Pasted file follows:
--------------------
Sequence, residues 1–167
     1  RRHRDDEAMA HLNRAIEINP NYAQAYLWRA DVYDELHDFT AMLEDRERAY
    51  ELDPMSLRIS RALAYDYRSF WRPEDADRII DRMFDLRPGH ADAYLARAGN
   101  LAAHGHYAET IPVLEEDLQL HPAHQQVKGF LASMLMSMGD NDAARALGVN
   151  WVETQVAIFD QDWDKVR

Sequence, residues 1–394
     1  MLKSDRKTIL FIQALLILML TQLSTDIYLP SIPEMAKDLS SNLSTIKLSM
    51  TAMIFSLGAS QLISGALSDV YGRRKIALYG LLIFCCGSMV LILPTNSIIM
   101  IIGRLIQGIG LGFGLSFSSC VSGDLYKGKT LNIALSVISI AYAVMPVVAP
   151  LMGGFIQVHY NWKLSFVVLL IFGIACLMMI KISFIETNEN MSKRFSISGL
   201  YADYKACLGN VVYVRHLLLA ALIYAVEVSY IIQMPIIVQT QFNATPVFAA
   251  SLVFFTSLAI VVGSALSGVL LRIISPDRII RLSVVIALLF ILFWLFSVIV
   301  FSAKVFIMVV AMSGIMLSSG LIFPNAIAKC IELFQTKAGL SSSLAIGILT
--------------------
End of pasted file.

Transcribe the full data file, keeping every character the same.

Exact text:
Sequence, residues 1–167
     1  RRHRDDEAMA HLNRAIEINP NYAQAYLWRA DVYDELHDFT AMLEDRERAY
    51  ELDPMSLRIS RALAYDYRSF WRPEDADRII DRMFDLRPGH ADAYLARAGN
   101  LAAHGHYAET IPVLEEDLQL HPAHQQVKGF LASMLMSMGD NDAARALGVN
   151  WVETQVAIFD QDWDKVR

Sequence, residues 1–394
     1  MLKSDRKTIL FIQALLILML TQLSTDIYLP SIPEMAKDLS SNLSTIKLSM
    51  TAMIFSLGAS QLISGALSDV YGRRKIALYG LLIFCCGSMV LILPTNSIIM
   101  IIGRLIQGIG LGFGLSFSSC VSGDLYKGKT LNIALSVISI AYAVMPVVAP
   151  LMGGFIQVHY NWKLSFVVLL IFGIACLMMI KISFIETNEN MSKRFSISGL
   201  YADYKACLGN VVYVRHLLLA ALIYAVEVSY IIQMPIIVQT QFNATPVFAA
   251  SLVFFTSLAI VVGSALSGVL LRIISPDRII RLSVVIALLF ILFWLFSVIV
   301  FSAKVFIMVV AMSGIMLSSG LIFPNAIAKC IELFQTKAGL SSSLAIGILT